Fast forward a few years, and I've shot concerts, portraits, events, travel, documentary, editorial, even some landscape. But I never shot mountain biking after the first year, which occasionally puzzled me.

Now that I've moved to Sydney, I also finally reconnected with some old friends that I rode with back in Wollongong (it's 90 minutes south). One of whom hand-builds his own custom frames, under his Ed Racing brand. His mention of an untested prototype, and the offer for me to borrow it, led to my grand reunion with downhill mountain biking one recent Sunday.

While I'm stoked that somehow I rode fast, hit big jumps, and didn't crash... I'm more stoked at catching up with 3 old mates, catching up on each of their big life events of the last few years, and actually stopping to take photos, like these.

Culture on Cockatoo Island

I finally made it to Cockatoo Island. What was meant to be an afternoon of art appreciation (for Sydney's Biennale), became more of a photographic wander around the half empty buildings. I'm not sure what is happening in the art world, but it seems like multimedia and video are faaaaar outnumbering any other artistic mediums these days.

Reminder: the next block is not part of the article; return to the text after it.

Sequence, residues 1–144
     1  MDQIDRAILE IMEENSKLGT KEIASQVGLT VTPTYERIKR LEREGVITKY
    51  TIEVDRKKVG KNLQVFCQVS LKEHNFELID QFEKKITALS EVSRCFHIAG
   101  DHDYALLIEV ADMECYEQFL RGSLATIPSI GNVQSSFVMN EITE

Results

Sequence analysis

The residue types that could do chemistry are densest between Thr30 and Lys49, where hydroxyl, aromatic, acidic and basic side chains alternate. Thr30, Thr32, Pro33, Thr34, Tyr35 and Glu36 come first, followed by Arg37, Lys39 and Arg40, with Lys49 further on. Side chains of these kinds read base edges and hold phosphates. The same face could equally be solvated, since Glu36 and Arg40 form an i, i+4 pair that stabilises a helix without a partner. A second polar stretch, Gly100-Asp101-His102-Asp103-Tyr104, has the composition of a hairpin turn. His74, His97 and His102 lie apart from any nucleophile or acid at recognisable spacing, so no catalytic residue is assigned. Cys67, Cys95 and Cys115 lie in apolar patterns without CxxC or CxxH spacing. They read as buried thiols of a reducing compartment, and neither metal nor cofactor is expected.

So, that's why we ended up wandering and taking photos. And, I'll just say, I want to come back.

Lunchtime Wanders in Chinese Gardens

  I've fallen far too easily into following a routine, now that I've settled down in a location, and have weekly commitments. After spending 3.5 years making plans from day to day, I moved to Sydney and started studying again. It's interesting to wake up one morning, 9 months after moving here, and realise that I've become very complacent in my curiosity and exploration. I'm becoming a creature of habit again. Things like class 3 days a week, lunch breaks at the same tables, on the same days, with similar food. Yoga two evenings a week (free at the community centre). A regular, and normal job. You know, habits. Sure, I had habits on the road, and in the other places I lived for the times I lived there, but it feels different here. Too comfortable.

But last week, things got mixed up a little. Not crazy mixed up, just the tiniest little amount, but enough to break the equilibrium. With an unusually long lunch break, and a partner in crime equally eager to do something different, I went for a wander. Instead of the usual metal bench, my comrade, Reni, and I, ended up at the Chinese Garden of Friendship. While I usually carry a certain disdain toward paying entrance fees, the recent granting of a student ID, and subsequent student discounts have made me slightly more compliant. That, and Reni shouted my ticket.